The last day has been fairly difficult for Bowen. He spent most of the night and into the morning throwing up, and Sarah barely slept. It pulls at my heart when I’m not there for them during these kinds of nights and days. If you’ve been following our blog for any amount of time, you know that part of sharing this journey with you is being honest about our daily struggles. You also know that we cling to a strange truth, that our struggles are a gift by which we gain more hope and purpose. We’re learning to “count it all joy” (James 1:2) because we know that “the sufferings of this present time are not worth comparing with the glory that is to be revealed to us.”(Romans 8:18)
Our faith is our source of strength, but another thing that brings us encouragement is looking back to see just how far we’ve come. I was looking through old pictures today and found this one from September 17th, the day they closed Bowen’s chest from surgery. We are so thankful for all that God has brought us through in just three short months.
There are certain words in the Bible that I’ve somehow skimmed right over for many years. As my heart and mind have been awakened to the value of studying (not just reading) the Bible, I now see those same words in ultra-bold print. Before I started digging deeper, I often made the mistake of pulling verses out of their context and trying to make scripture conform to my own life and thinking, instead of conforming my life and thinking to scripture.
Last week, I spent some time lingering over one of the verses I’ve heard most commonly quoted from the Bible, Romans 8:28. “And we know that for those who love God, all things work together for the good, for those who are called according to his purpose.” I overlooked the context of this verse for a lot of years, assuming that it meant the more I loved God, the better things would work out for me in this life. After reading it in context, I realized that’s not what Paul is saying. He’s actually making it very clear that we shouldn’t place our hope in things going well for us in this life, but in the life to come. Romans 8:18-30 is titled Future Glory.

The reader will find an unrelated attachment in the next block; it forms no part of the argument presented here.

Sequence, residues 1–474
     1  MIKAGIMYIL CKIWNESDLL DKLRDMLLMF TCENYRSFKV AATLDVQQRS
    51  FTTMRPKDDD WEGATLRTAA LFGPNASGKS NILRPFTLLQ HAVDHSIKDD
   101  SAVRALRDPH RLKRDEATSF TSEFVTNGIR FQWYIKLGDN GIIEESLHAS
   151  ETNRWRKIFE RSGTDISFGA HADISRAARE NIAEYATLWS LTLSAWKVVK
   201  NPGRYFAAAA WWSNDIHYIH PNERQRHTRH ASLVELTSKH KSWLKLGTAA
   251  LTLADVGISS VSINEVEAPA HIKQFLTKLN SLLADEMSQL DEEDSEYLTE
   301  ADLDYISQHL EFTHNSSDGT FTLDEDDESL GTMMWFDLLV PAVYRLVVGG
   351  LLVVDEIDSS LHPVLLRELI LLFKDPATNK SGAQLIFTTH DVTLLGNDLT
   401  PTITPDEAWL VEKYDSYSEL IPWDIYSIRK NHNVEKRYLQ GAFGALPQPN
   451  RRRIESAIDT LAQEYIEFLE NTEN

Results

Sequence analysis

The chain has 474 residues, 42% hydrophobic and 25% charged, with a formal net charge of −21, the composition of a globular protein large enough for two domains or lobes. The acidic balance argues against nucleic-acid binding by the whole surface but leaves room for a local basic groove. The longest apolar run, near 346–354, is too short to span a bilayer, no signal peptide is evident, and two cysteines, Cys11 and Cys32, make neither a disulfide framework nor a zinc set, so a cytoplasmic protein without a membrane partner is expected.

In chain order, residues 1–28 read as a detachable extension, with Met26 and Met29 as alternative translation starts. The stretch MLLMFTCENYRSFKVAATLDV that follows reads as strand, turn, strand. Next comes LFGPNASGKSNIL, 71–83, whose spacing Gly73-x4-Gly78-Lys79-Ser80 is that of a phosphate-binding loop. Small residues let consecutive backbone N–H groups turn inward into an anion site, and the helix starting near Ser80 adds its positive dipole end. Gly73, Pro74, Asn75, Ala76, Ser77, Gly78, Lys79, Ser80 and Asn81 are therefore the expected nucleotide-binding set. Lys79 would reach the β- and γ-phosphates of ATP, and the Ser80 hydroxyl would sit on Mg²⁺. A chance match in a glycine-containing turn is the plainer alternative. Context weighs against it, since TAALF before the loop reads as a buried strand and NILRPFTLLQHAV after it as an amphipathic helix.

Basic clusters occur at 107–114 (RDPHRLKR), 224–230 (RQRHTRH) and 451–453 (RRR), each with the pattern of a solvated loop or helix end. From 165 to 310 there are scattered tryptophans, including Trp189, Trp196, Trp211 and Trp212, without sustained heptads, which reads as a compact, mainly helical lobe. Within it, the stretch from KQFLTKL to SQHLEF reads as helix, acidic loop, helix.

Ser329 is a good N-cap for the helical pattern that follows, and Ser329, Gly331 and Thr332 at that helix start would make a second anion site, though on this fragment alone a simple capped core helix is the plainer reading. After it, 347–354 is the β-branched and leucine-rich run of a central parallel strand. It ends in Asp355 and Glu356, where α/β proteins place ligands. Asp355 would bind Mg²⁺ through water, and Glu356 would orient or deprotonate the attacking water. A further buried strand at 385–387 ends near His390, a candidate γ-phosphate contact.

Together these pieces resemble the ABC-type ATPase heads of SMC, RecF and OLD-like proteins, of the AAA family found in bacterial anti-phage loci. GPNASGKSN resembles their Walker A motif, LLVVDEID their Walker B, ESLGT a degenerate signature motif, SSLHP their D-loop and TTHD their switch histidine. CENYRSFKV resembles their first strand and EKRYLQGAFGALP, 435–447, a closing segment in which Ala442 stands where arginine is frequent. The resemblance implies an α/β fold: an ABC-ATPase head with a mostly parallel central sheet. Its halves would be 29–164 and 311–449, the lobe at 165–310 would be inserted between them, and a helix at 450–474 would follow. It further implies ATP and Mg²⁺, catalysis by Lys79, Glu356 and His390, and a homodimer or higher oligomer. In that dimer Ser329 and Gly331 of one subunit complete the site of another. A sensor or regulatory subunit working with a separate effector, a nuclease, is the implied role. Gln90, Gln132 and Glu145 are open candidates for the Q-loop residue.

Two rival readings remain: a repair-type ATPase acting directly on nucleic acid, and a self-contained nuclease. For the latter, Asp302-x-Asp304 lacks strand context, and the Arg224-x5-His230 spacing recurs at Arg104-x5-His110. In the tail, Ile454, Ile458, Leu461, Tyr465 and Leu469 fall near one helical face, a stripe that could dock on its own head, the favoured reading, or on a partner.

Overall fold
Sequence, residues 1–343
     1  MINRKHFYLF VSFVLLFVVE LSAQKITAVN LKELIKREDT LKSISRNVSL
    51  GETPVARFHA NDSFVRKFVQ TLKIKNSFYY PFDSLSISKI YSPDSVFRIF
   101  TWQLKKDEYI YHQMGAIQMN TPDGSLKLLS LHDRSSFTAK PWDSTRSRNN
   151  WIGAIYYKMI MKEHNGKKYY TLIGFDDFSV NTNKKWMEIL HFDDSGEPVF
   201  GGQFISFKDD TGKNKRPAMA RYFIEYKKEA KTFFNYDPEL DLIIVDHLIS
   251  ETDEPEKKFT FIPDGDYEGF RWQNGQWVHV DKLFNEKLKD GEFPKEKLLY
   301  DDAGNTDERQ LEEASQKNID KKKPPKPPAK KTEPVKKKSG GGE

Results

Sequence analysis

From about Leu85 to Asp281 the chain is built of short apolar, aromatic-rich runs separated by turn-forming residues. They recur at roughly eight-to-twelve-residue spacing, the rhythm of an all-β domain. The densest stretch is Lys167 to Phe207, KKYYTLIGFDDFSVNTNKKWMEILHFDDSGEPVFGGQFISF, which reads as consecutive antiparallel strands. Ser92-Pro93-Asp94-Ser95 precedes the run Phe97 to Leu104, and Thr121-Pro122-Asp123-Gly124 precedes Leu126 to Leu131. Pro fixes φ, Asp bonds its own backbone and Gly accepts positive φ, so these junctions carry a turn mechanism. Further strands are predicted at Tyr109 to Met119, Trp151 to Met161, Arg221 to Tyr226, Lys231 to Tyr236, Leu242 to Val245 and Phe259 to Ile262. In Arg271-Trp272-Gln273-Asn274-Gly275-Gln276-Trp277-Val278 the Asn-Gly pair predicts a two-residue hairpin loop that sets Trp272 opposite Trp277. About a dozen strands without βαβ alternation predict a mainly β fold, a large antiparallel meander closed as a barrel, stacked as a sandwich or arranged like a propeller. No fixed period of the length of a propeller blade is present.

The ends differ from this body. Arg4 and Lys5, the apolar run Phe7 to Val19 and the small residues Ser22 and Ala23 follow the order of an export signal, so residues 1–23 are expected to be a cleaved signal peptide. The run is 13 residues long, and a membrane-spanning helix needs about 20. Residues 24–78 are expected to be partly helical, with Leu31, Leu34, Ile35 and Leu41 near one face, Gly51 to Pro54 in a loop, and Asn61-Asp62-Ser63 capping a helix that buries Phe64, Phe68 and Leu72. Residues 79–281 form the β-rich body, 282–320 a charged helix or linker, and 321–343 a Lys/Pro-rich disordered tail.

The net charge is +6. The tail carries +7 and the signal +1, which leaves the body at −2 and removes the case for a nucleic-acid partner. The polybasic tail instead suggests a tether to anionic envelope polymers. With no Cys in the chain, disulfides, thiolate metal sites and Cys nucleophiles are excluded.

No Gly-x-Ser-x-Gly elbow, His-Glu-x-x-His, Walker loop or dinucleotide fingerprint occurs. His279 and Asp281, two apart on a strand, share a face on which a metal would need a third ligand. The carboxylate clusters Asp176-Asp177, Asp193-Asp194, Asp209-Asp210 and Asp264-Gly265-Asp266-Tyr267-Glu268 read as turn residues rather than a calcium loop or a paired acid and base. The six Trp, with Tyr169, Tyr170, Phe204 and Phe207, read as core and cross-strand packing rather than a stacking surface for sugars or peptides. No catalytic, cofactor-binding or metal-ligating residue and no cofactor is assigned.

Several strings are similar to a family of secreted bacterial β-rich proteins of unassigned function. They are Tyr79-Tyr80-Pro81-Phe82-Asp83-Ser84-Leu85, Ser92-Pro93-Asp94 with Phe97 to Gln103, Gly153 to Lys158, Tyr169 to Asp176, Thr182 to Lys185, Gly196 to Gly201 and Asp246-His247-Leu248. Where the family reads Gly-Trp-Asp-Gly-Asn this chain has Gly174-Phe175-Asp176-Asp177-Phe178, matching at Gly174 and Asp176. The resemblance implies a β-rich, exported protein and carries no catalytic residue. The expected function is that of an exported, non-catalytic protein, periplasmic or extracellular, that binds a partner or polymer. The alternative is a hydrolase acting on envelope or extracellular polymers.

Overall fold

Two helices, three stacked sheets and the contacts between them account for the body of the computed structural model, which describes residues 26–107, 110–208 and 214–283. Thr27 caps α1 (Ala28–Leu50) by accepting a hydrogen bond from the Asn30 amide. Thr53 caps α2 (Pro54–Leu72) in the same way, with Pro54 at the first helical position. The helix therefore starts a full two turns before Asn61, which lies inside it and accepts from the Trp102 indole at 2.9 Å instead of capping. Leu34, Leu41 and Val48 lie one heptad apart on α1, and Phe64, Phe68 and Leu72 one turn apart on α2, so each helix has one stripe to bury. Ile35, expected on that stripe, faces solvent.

After studying this passage, I tried to find some good sermons on it. I found one by Pastor John Piper called “All Things for Good” where he clearly points out what Paul is referring to by “all things” in Romans 8:18-30. “All things” include suffering (8:18), a creation subjected to futility (8:20), all of creation groaning in pain (8:22), hope that is not seen (8:25), and weakness (8:26). Again, Paul never suggests that those who love Christ will avoid pain and suffering in this life. On the contrary, he’s making it clear that we should expect it and put our deepest hope in future glory.
If you read further in chapter 8, Paul writes another long list of hardships that many have faced in this life. However, he leaves us with a promise that we can cling to in this life, as well as in the life to come.
Who shall separate us from the love of Christ? Shall tribulation, or distress, or persecution, or famine, or nakedness, or danger, or sword? As it is written,
“For your sake we are being killed all the day long;
we are regarded as sheep to be slaughtered.”
No, in all these things we are more than conquerors through him who loved us. For I am sure that neither death nor life, nor angels nor rulers, nor things present nor things to come, nor powers, nor height nor depth, nor anything else in all creation, will be able to separate us from the love of God in Christ Jesus our Lord.
I can’t believe my dream of recording this album has become a reality. Our first day in the studio went great. The band (Jeremy Lutito, Matt Stanfield, Pete Prevost, and Tony Lucito) already tracked three songs, all of which sound incredible.
Here are a few pictures and a video clip of us recording today.
Here’s a clip of us working on “You Are My Treasure.” The guy making the creepy face at the end is Rusty, our engineer. He’s a little crazy;)